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Hello everyone! I decided to sign up to be able to get my art improved, and see the advice of the masters in the art world.
I just started learning to sketch with chalk pastels:
Last edited by watermonster; March 16th, 2007 at 01:43 AM. Reason: Using attachement manager instead of img tags.
It's up now.
I wanted to practice my anatomy by drawing a scull from an image which was found in one of the anatomy practice threads on this forum.
With this sketch, I can see clearly that, as with most of my attempts, I widen the picture a bit. However, it is a good start for me.
More sketchbook pages. I accidentally let the edge of the pages get wet, which warped the sheets...
Decided to branch out into sketching animals. The birds were especially effective as I had a photo-set of different positions of the same bird.
I own five cats, and this one likes to sleep on my drawing table, so it's a really handy subject.
Mandarin duck in felt pens.
I drew two bent hands - the bigger one with lines was drawn looking at my hand, while the one next to it was drawn from what I pictured a bent hand to be. The difference was astounding.
Last edited by watermonster; July 19th, 2007 at 03:51 AM.
Hey, some nice things here, the effort is showing. I especially like this http://www.conceptart.org/forums/att...1&d=1183212816
As you are aware of, you need much more knowledge of anatomy, and I strongly recommend doing some anatomy studies..
Start with the skeleton and don't even worry about muscles until you're quite familiar with the skeleton. After that you have the framework upon which to attach the muscles.
Keep it up
Hey I like your drawings The animal studies are awesome!
What I admire most is that you progress with each post though
Keep drawing and getting better!
And what nethus said. Start doing anatomy studies. They can get quite enjoyable once you get into them.
Have fun now And good luck!
the last one is really great, not just that it is accurate (yeah u used a grid) but it also has a nice fluent shading. I hope you learned a lot!!
Great start, do more of these anatomy studies,"how to achieve volumes"-studies, always try to keep it simple and have fun.
You seem to be developping an interesting style. You are working on your anatomy - some issues here and there. The birds look really nice. Keep going!
These are all shots from a new sketchbook of mine that I dedicated to nude drawings, as well as occasional face studies. It would prevent any unwanted frowns if I suddenly let my sketchbook to be looked in - this is a Muslim country after all, people don't take kindly to this.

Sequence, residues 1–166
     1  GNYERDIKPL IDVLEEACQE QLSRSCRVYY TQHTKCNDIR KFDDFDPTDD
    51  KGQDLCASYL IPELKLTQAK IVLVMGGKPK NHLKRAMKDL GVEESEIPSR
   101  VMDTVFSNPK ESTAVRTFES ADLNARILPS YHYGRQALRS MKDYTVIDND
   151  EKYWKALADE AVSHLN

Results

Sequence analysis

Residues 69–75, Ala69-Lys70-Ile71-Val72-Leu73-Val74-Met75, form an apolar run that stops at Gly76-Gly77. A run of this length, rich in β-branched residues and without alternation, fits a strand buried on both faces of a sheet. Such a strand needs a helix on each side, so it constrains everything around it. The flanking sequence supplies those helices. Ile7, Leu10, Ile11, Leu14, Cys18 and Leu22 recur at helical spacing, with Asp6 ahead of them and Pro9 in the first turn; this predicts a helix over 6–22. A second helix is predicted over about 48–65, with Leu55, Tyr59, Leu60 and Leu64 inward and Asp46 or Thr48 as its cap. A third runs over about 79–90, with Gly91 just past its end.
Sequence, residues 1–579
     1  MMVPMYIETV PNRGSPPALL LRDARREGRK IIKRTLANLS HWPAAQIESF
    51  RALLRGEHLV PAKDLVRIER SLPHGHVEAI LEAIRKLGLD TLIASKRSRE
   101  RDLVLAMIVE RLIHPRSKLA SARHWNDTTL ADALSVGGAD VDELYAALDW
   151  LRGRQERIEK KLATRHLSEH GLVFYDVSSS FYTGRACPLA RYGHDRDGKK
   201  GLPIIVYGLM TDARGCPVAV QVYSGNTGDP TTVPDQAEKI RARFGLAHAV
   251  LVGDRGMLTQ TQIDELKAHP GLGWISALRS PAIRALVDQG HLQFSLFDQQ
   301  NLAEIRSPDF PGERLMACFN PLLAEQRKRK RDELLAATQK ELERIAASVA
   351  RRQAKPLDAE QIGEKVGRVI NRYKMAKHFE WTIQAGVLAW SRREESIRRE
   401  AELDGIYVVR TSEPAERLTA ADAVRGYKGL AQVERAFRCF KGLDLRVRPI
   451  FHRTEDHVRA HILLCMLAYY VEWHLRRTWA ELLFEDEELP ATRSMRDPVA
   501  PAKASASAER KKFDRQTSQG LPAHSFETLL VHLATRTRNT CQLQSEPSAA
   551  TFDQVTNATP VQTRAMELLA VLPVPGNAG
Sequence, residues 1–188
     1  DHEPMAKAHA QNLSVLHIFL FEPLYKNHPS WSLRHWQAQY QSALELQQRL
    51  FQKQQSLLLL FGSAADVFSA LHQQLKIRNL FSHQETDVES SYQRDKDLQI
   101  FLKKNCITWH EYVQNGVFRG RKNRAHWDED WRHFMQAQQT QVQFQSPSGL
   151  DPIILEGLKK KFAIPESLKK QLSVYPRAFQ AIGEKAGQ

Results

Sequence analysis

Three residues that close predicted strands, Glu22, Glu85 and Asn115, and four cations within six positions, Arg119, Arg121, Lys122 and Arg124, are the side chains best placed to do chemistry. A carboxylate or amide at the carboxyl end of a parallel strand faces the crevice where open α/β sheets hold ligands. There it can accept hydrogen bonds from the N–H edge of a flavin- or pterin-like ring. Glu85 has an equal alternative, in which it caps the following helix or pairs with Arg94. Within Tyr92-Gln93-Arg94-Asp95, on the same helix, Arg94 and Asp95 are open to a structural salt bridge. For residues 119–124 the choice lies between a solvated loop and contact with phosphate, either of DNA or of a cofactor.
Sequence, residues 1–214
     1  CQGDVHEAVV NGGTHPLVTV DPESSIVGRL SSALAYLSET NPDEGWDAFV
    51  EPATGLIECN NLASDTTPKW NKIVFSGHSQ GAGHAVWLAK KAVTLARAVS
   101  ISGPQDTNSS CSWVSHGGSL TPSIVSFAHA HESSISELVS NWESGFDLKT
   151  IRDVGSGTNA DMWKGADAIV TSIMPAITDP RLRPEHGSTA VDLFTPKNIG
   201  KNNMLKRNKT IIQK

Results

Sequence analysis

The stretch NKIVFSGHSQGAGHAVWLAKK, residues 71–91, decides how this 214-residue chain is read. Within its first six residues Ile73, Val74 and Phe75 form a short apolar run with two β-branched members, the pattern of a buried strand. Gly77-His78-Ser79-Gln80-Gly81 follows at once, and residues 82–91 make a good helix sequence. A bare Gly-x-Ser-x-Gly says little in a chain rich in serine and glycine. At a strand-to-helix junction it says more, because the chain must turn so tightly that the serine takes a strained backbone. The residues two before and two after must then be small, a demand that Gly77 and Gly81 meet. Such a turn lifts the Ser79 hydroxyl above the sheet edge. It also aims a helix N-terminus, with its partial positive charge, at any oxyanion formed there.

Study of the shoulder; more precisely that "armpit" muscle. There's David again, but this time it's my attempt without the boxes.
This is the sort of thing I do late at night when I should be in bed...
I wanted to draw a sunset piece like this for a while now, just could find the proper subject. Sketching this, a superhero/swimsuit girl has greatly helped me get a basic idea of what I can do, or would do...
That's what the same sketch looked like before the sunset treatment.
I decided to keep aside a sketchbook specially for the nuddy figure studies. I figured that if I ever had to show my sketchbook to people, I'd like them not to be embarrassed by nudity. Additionally, this is a Muslim country where nudity isn't encouraged, so I don't want the wrong people seeing my sketchbook.
Saying that, I found a Posemaniacs website recommended by someone here, so all of my quick 45-second gesture drawings are done with the help of their pose viewer. Brilliant thing, I must say.
In the study above, I was researching the shoulder muscle and the armpit region.
In my search for inspiration and my quest for knowledge, I decided to do studies of Beardsley's works of art.
My first is his picture of Bathyllus, from his famous book that satirised his society and shoked the public of his time. One of his less exotic images, I must say.
I've bought the book "Drawing on the Right Side of the Brain" to help inspire me to draw more sketches from life and train my eye better.
I am doing most of its exercises but I try to stay away from the author's suggestions to use viewfinders and "plastic planes", I feel it will be a crutch which I don't want to grab on to.
The following are two of my hand sketches. I always seem to make such studies wider than they really are. I don't know what's causing this yet, I'm going to keep on trying to make the width as I see it.